It has been several years since I was an active member of the group so I resort to the A--B--C's hoping to jog my memory. This is a very effective memory prodding tool by the way. Lock the image of the person in your brain then very slowly recite the ABCs and often a letter will expose the name.

When I got to the letter L, suddenly the name burst into my brain to match the face-- Liz!!! Yes, I do remember, in fact she was actually a favorite of mine in the Master Gardeners.  We had worked closely on a project several years ago.  She had gained maybe 10 pounds but I had gained twice as many wrinkles and sags so I wasn't going to be absolved that easily. She remembered, I didn't. Do you suppose her being 30 years younger helped?

I have adjusted to a some of those memory blank spots these days.  'What did  I come into this room for?'  Remembering something I need in a store that isn't on my list but by the time I get to the general area, I have forgotten what I remembered I needed. Grrr.

That last one really irritates me but I use Bill Cosby's rule. He advocates returning to your original starting point and it will come back to you. He went a bit further convinced that our brains are in our butt for he suggested not only returning but sitting back down to reboot the memory.  It does work Bill, even if you are in a store and can't sit.

I secretly am convinced that aging memory is Nature's way of making sure us old codgers get exercise. I know it makes me wander about a lot. I put in a lot of extra steps that day in the store hunting for Liz's name. And those of you who forget where you put your car in the parking lot, you really get some wonderful exercise.

I am quite good where I park my car, where my keys are,eye glasses (except that time I didn't recognize them) , appointments, etc.  It is people and their names that I am really weak on. Names were never my strong suit but lately----?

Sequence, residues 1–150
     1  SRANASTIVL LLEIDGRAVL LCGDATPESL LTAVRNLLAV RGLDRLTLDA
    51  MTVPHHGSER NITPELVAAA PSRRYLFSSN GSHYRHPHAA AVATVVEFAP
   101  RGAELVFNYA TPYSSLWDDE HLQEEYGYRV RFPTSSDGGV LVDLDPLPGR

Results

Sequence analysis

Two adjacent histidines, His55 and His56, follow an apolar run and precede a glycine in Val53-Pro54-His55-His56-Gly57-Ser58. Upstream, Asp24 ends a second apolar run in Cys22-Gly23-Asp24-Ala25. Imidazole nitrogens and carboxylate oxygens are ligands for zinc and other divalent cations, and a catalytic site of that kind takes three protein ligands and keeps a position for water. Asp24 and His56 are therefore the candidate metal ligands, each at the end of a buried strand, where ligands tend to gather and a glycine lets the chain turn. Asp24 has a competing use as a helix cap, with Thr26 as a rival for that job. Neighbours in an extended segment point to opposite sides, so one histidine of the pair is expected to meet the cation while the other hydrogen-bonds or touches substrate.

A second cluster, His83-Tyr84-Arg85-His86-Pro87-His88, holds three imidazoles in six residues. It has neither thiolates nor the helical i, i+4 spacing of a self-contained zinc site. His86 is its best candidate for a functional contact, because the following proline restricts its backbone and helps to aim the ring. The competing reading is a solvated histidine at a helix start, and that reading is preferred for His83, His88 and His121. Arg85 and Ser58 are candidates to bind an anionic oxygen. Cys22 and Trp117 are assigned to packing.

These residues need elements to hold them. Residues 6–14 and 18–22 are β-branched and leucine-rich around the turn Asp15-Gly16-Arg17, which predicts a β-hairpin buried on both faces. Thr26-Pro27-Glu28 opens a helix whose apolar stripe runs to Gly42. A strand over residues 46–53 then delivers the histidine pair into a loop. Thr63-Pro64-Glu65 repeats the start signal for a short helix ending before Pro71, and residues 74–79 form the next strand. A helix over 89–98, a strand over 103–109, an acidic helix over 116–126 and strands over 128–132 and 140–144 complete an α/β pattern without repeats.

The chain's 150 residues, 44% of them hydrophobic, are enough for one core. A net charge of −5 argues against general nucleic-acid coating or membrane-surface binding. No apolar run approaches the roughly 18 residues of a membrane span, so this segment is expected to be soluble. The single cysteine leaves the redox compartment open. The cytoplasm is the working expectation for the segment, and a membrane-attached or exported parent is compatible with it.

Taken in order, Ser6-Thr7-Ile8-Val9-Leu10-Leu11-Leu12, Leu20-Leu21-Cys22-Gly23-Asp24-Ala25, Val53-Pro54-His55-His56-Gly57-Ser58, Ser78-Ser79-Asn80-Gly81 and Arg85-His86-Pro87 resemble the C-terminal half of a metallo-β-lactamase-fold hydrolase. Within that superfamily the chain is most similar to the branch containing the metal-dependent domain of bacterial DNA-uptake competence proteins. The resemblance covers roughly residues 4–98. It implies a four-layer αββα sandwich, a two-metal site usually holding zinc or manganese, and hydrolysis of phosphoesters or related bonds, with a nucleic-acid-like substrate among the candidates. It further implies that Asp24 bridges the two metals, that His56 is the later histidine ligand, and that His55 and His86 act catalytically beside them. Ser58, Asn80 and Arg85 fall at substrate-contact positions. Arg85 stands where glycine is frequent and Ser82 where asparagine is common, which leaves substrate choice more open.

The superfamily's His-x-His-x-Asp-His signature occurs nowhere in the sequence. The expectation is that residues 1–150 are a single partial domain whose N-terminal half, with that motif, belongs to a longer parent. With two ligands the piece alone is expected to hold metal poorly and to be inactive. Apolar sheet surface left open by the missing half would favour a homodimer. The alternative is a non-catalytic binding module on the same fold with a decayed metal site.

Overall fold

I am reminded of some dear friends of mine from years ago. They were in their late 60's and we were at a party together. Wally looked at his wife and said."See that lady over there with the purple scarf?  She sure looks familiar. Do we know her?"

Vesta got the giggles and said, "Don't you remember? That is Sara and she was in our memory class."   Think I am getting right up there with you Wally.

Then there is the elusive word, that one you have known all your life but leaves you in mid sentence with a blank mind and stare.  I got a bit tickled when my friend Sis from the second grade came to visit this summer. We are just weeks apart in age. During her visit, a couple of times each of us would  hit the wall searching for "the word" and oddly the other knew exactly the missing word.

I started to laugh after one episode and said, "You know between the two of us, we might have one brain."


I know, I posted this cartoon before in 2010 and I think Fishducky used it not too long ago also but to me it really brings home the consequences of a senior memory. There weren't many of you around when I first posted it, besides it fits this post and cracks me up :))

I guess if there is any consolation, it's that we are not alone. This condition is as common as wrinkles in those of us who hold an AARP card.  We just have to find new tools to combat it.

Have you hit the wall yet?  Do you have a handy tool to help?